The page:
As a birth doula, mother and a woman who has been on a long journey to find a stronger connection to my womb space and in general, self-love — I feel deeply compelled to discuss the value of positive reframing. The beliefs we hold about ourselves and especially our bodies are very powerful. The words we choose, whether we are conscious of them or not, can shape our ideas and in turn foster strength or fear within us. This applies directly to childbirth outcomes.
We live in a time where women (and their partners) are expected to think about birth as a medical condition that requires a high level of intervention; we are told that we cannot trust in the wisdom of our bodies and that refusing to consent to procedures that have not been clearly or honestly explained, will be addressed as dangerous and negligent.
The media portrays birth as painful and scary, where women are depicted as out of control and helpless; these ideas are deeply ingrained in most of us by the time we become pregnant. Even if we are aware of more natural options, it takes time to reprogram our thinking and move towards reclaiming our power.
Our bodies grow and sustain small complex human beings, our bones soften and become flexible, the placenta attached to our baby holds a large portion of their blood volume so they are smaller and can move down our birth canal more easily (why delayed cord clamping is so important!) along with overlapping plates in their skulls that will later fuse together. All these little perfectly worked details that our body knows how to bring together so that our child will arrive Earthside safely! And we still question the wisdom of our bodies, why? Because we need a shift in thinking.
It’s also important to identify the connection between fear and the release of stress hormones that impact the progression of childbirth. Fear can slow and even stop birth in its tracks. This is a defense mechanism of the body, to make sure that our child is not born into a dangerous situation.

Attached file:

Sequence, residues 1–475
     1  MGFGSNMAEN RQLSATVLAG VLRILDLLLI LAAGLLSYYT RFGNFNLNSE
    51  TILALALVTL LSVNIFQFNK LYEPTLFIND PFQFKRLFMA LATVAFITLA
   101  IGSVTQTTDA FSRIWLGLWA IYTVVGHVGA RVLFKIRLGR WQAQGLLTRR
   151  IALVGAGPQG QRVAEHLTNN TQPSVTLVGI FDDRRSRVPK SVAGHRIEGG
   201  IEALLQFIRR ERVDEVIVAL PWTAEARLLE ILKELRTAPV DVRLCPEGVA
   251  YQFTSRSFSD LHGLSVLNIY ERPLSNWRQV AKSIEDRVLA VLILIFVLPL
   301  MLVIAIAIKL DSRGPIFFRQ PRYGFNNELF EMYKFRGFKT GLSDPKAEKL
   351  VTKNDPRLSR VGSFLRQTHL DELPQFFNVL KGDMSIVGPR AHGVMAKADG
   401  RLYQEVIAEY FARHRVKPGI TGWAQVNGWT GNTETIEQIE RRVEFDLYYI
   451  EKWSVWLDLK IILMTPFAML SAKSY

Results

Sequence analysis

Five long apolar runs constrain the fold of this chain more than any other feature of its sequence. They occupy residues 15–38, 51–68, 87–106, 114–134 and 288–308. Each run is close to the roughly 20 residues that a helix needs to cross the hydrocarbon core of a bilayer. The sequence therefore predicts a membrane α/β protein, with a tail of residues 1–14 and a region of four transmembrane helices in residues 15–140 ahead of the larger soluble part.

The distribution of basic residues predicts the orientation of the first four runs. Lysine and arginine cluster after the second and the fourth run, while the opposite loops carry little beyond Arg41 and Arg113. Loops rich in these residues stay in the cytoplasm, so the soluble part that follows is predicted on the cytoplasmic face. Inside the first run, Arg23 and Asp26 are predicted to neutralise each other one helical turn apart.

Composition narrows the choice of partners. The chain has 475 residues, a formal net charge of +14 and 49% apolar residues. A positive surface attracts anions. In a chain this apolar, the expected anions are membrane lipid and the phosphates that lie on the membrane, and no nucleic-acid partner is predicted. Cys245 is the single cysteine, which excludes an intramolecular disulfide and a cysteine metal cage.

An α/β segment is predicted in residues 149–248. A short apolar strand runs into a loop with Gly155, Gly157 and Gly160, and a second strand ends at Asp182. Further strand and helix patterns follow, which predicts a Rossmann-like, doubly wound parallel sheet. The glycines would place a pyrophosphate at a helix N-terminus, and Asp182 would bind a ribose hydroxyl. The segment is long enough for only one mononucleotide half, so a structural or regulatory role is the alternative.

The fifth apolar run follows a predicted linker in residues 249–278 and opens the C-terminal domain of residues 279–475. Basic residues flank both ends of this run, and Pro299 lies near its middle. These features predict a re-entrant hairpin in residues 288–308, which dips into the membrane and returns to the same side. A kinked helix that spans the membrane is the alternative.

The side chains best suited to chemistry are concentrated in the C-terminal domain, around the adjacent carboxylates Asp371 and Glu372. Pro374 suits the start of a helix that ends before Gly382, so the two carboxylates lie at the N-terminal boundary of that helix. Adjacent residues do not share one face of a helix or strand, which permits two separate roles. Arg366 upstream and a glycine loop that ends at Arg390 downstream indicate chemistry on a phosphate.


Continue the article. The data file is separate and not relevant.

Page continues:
When we accept negative ideas about our bodies and communicate with other mothers from this space, we are perpetuating fear and stereotypes about birth. Change can start with our vocabulary; by replacing negative words that imply we are not capable or that we will have a difficult birth with more empowering ones, we begin to own our experience and can connect more strongly with our inherent intuition. By choosing our words wisely and reworking our beliefs, we can also begin a more positive cycle of empowering and supporting other women.
Here are a few examples of positive reframing:
Pain __________ Intensity/pressure/tightening
Contractions __________ Rushes/surges/waves/opening
Overdue __________ Post-date/past your guess date
My doctor is “letting” me __________ My doctor “supports” my decision to
My midwife “delivered” my baby __________ My midwife “caught” my baby
In addition to positive reframing, I like to suggest my doula clients watch natural home birth videos to inspire a shift in thinking about what childbirth can look like beyond the typical mainstream powerless birth we tend to see on T.V. Here are two of my favorite birth videos:
“Imagine what might happen if women emerged from their labor beds with a renewed sense of the strength and power of their bodies, and of their capacity for ecstasy through giving birth.” — Dr. Christiane Northrup